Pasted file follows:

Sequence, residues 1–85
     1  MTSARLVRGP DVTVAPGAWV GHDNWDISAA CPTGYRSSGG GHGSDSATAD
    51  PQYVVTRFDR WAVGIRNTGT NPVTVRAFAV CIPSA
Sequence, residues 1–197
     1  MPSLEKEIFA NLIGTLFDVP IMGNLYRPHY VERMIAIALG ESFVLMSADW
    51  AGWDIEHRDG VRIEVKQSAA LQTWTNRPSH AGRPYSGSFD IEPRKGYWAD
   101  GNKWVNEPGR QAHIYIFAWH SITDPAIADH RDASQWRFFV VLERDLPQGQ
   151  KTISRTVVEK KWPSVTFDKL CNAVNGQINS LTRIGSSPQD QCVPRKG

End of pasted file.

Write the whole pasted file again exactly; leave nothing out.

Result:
Sequence, residues 1–85
     1  MTSARLVRGP DVTVAPGAWV GHDNWDISAA CPTGYRSSGG GHGSDSATAD
    51  PQYVVTRFDR WAVGIRNTGT NPVTVRAFAV CIPSA
Sequence, residues 1–197
     1  MPSLEKEIFA NLIGTLFDVP IMGNLYRPHY VERMIAIALG ESFVLMSADW
    51  AGWDIEHRDG VRIEVKQSAA LQTWTNRPSH AGRPYSGSFD IEPRKGYWAD
   101  GNKWVNEPGR QAHIYIFAWH SITDPAIADH RDASQWRFFV VLERDLPQGQ
   151  KTISRTVVEK KWPSVTFDKL CNAVNGQINS LTRIGSSPQD QCVPRKG